Can you tell us about your “Basic Instinct” chair collection?

It is a reaction and a response to societal restrictions that dictate the notions of appropriate female behavior in terms of sitting. Men have the tendency to take as much space in public as they feel or need, whereas women tend to sculpt their bodies and behavior to as much society allows and deems appropriate.

Anna Aagaard Jensen portrait at her graduation project, Design Academy in Eindhoven, Netherlands.

How do people react to this feminist collection?

Most of the time people are excited and curious. It makes us reflect on ourselves and each other. There will always be some who find it distasteful and unnecessary, but hopefully in a later state those people can see beyond the “provocation” and understand the essence.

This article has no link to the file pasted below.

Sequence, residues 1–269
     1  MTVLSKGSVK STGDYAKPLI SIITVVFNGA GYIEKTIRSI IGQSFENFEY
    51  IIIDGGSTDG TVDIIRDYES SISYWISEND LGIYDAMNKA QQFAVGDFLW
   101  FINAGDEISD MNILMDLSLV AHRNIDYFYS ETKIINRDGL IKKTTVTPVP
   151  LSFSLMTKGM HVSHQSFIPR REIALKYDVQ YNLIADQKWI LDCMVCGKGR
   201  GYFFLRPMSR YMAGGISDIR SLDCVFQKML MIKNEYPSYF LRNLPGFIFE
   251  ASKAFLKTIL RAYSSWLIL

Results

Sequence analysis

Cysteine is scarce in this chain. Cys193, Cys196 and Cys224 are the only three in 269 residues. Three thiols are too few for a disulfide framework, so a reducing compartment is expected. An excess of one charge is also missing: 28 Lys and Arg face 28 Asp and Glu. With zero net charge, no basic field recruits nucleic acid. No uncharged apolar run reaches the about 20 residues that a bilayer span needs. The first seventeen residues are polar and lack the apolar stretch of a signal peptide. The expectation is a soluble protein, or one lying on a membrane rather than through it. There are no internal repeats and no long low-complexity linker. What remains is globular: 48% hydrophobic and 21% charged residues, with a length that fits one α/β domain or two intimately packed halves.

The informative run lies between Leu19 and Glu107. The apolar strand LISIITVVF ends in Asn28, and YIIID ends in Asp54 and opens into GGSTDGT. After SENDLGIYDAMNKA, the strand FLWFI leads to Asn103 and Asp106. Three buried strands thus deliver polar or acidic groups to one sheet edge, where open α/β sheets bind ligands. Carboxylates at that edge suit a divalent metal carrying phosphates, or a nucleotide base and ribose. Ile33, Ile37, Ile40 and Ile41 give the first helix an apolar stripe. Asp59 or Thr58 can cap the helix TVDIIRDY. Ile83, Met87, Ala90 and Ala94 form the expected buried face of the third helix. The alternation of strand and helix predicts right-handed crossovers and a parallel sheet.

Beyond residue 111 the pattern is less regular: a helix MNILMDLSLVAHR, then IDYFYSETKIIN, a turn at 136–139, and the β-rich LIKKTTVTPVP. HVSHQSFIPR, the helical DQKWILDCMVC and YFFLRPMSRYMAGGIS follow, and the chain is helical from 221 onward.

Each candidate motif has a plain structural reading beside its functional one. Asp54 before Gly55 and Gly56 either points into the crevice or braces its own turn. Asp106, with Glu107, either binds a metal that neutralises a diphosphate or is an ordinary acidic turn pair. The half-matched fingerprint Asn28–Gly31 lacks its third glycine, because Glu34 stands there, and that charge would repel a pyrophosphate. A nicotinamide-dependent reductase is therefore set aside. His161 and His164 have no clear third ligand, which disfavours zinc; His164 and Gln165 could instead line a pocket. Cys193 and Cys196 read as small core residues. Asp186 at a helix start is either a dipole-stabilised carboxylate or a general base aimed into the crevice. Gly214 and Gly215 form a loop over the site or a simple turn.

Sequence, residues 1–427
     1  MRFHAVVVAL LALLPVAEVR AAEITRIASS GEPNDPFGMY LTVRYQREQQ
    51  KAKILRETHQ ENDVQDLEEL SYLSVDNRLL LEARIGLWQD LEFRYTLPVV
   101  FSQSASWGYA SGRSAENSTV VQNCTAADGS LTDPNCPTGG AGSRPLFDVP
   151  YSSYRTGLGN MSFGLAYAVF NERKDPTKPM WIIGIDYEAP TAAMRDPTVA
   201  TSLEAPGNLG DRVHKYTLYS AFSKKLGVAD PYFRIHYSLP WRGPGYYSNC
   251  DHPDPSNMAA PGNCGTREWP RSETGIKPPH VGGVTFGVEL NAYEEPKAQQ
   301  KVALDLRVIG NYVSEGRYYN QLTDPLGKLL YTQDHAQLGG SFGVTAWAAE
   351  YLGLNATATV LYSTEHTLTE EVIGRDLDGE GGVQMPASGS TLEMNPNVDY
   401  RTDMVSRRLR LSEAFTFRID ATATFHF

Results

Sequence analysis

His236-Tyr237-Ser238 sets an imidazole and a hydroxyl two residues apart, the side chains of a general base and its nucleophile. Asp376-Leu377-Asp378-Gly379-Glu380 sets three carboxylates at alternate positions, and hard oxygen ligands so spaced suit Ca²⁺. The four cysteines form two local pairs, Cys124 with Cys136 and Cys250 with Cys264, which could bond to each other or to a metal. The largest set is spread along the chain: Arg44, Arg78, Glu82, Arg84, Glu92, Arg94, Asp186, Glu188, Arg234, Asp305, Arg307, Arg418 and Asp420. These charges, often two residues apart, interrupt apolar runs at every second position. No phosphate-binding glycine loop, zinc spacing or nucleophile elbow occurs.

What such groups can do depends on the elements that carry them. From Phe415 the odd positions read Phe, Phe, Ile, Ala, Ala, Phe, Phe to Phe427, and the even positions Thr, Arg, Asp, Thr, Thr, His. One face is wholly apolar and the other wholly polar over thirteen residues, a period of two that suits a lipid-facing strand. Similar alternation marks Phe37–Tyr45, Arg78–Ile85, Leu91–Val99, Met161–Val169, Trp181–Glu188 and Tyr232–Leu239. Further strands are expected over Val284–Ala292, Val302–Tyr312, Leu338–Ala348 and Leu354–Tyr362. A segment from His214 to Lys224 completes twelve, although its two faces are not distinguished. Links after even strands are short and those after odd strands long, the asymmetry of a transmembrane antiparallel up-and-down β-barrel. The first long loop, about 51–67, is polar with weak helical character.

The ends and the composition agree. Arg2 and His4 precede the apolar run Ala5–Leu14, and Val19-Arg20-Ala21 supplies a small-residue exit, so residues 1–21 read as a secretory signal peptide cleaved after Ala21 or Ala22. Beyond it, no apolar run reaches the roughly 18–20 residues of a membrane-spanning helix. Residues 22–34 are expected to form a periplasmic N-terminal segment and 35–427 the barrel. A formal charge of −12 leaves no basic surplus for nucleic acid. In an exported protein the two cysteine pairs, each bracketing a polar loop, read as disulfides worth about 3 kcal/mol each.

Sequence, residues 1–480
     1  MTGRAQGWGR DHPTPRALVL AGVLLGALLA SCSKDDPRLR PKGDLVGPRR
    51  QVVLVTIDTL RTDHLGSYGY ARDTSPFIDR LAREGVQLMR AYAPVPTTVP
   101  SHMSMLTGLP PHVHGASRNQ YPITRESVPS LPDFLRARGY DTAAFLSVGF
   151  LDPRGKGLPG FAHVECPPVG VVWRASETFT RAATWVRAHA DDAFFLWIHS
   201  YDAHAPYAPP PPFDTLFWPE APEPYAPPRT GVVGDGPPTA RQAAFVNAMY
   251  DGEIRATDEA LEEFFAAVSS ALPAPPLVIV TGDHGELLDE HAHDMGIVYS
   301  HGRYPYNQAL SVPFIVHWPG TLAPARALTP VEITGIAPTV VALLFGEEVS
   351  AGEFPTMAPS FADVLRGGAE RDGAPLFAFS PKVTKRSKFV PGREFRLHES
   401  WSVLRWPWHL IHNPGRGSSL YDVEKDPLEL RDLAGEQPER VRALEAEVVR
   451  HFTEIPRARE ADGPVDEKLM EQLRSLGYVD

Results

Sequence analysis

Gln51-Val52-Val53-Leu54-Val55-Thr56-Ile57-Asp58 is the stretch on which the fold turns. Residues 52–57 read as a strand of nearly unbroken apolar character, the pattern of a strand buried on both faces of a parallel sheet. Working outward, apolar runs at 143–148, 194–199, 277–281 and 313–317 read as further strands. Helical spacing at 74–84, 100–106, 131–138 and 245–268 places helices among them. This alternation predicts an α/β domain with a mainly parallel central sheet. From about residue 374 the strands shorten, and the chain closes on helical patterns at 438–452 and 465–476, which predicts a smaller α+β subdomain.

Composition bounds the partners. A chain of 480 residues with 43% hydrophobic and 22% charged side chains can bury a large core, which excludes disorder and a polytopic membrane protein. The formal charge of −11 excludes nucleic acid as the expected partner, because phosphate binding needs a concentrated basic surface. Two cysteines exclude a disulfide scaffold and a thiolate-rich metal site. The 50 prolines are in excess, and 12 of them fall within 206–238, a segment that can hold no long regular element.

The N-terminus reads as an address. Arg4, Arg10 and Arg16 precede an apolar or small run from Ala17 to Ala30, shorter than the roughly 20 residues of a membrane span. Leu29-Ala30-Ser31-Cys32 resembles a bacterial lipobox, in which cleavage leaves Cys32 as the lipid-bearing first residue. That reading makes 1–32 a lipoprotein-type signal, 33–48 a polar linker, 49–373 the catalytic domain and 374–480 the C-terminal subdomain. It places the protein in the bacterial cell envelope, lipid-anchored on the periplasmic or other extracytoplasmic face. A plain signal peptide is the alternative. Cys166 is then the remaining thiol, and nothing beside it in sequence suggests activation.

Jimmy Fallon talk show screenshot from Anna Aagaard Jensen’s graduation clip.

How can we explain that the work of many important women designers remains invisible?

Show it – as in expose it rather than explain why it is invisible. Get the work out in the open, go through archives that keep many of these female artists hidden. Utilize the energy to discover new talents that are out there. It is about fighting the subconscious mind that still puts great + artist = male. Let’s recode our mentality!

“Reaching for the Sun” vase “Flirtatious” by Anna Aagaard Jensen, 2020. Photo credit Functional art gallery.

Anna Aagard Jensen’s reference 1: Koleka Putuma.

Extract from “Collective Amnesia” by Koleka Putuma.

Anna Aagard Jensen’s reference 2: Sarah Lucas.

Sarah Lucas, Self-Portrait with Fried Eggs, 1996. Courtesy Sadie Coles HQ. Photo credit Sarah Lucas

Anna Aagard Jensen’s reference 3: Patti Smith.

Screenshot from Patti Smith’s clip “Looking For You”, 1996. Credit Arista Records Inc.
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In conversation with: Anna Aagaard Jensen